The first significant nonsense done for children in the U.S., the Peterkin stories became immensely popular throughout the nation, not only with children but with adults as well. Their gentle satire on American attitudes and ways tickled the national funny bone and helped people laugh at themselves. The lovable, foolish Peterkins of Boston consisted of Mr. and Mrs. Peterkin; Agamemnon, who had been to college; Elizabeth Eliza; Solomon John; and the three little boys, always nameless, but never without their India rubber boots.

The stories concern the family's efforts to cope with everyday problems, all of which develop into crises of major proportions because of their blundering attempts to deal with them. When the Peterkins get their new piano into the parlor, they discover the only way Elizabeth Eliza can play it is by sitting outside on the porch. The milk from the Peterkins' new cow develops a queer taste after they decide the best place to keep it is by the kitchen chimney. They raise the parlor ceiling to accommodate their too-tall Christmas tree, get lost repeatedly at the Philadelphia Centennial, and never have enough plates and cups to serve the large groups they enthusiastically invite to their home. The humor of the stories arises from the absurdity of their predicaments and the family's roundabout ways of attempting to come to grips. They are often assisted in extricating themselves from their dilemmas by the sensible and practical advice of the Lady from Philadelphia.

Although the stories reflect the manners and attitudes of their period, in their revelation of character they ring true yet today, and it is upon the droll, whimsical adventures of this winning family of bumblers, still favorites with children, that Hale's reputation as a writer rests.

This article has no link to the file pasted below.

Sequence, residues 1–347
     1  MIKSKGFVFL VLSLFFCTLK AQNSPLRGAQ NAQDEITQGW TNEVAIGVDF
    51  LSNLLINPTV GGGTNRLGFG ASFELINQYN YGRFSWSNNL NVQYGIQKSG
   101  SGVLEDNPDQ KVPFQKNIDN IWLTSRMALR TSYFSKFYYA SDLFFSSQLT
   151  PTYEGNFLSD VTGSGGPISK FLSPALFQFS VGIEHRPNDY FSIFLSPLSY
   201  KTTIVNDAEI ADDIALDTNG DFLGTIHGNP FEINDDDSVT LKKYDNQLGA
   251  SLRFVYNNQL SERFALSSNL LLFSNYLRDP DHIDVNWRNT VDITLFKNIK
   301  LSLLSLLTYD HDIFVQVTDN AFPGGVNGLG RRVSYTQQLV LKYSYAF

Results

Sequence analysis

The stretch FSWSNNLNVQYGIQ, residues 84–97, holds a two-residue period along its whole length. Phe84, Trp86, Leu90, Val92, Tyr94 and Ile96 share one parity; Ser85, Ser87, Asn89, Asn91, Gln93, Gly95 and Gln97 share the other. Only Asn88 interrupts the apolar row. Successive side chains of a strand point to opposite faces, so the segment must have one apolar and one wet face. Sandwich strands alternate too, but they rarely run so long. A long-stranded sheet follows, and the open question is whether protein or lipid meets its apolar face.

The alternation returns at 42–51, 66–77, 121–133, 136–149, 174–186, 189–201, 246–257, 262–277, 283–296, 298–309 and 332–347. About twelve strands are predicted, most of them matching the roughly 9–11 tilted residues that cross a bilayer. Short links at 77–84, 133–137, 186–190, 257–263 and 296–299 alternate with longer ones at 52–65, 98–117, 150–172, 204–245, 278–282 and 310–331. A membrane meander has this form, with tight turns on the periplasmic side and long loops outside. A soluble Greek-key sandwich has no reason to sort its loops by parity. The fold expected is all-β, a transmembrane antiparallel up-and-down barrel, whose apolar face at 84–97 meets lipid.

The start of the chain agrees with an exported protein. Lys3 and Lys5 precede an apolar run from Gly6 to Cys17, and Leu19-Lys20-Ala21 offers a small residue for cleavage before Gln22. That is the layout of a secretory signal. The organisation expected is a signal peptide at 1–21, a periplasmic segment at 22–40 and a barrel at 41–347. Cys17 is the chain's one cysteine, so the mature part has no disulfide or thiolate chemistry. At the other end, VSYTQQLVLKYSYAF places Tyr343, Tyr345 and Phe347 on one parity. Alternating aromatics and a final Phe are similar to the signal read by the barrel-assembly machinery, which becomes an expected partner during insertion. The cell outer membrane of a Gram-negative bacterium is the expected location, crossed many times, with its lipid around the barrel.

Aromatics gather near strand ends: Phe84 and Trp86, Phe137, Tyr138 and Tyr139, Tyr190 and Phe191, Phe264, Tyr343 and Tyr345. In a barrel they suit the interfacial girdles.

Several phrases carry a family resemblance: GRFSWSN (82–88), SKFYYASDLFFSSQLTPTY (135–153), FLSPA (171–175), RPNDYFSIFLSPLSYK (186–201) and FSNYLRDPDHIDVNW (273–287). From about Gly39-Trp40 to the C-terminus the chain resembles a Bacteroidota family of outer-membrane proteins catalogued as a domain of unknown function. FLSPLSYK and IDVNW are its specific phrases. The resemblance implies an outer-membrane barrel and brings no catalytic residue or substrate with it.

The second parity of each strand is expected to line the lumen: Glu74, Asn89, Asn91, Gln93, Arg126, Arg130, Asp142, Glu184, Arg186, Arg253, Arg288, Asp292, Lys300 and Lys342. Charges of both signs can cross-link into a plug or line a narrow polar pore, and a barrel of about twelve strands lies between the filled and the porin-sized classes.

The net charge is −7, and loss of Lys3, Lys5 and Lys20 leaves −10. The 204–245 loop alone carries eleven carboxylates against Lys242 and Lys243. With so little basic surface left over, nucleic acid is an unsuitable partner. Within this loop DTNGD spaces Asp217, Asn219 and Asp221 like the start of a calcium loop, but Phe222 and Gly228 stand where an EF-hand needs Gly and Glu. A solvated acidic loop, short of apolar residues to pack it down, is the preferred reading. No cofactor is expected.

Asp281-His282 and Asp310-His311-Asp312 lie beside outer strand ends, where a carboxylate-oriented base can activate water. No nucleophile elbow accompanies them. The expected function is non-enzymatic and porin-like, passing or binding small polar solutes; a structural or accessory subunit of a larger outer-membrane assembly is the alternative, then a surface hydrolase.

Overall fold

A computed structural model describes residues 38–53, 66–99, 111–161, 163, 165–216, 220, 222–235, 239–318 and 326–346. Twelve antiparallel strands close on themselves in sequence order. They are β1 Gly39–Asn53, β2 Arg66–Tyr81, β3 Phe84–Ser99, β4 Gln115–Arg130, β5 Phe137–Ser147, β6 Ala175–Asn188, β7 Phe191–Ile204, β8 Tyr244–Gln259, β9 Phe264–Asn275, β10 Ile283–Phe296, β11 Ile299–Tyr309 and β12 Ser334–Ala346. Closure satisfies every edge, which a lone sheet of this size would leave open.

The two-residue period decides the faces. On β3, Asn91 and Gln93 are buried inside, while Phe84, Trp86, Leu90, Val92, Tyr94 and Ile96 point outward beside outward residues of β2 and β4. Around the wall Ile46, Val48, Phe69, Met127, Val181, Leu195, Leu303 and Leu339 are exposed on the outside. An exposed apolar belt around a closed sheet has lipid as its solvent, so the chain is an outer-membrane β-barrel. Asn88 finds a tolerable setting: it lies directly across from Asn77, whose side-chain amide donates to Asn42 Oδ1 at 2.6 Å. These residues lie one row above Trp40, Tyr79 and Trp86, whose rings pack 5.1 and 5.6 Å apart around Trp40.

Other Works:

Seven Stormy Sundays (1859). Struggle for Life (1861). The Lord's Supper and Its Observance (1866). The Service of Sorrow (1867). The Wolf at the Door (1877). Designs in Outline for Art-Needlework (1879). More Stitches for Decorative Embroidery (1879). Point-Lace: A Guide to Lace-Work (1879). The Peterkin Papers (1880). The Art of Knitting (1881). Fagots for the Fireside (1888). Stories for Children (1892). Sunday School Stories (with B. Whitman, n.d.). An Uncloseted Skeleton (with E. L. Bynner, n.d.).

Bibliography:

Hale, E. E., A New England Boyhood (1893). Hale, N., Introduction to The Complete Peterkin Papers (1960).

Reference works:

AA. DAB. Junior Book of Authors (1934). NAW (1971). NCAB. Oxford Companion to Women's Writing in the United States (1995). WW of Children's Literature (1968).

Other references:

Horn Book (Sept.-Oct. 1940, April 1958). PW (28 Oct. 1957).

—ALETHEA K. HELBIG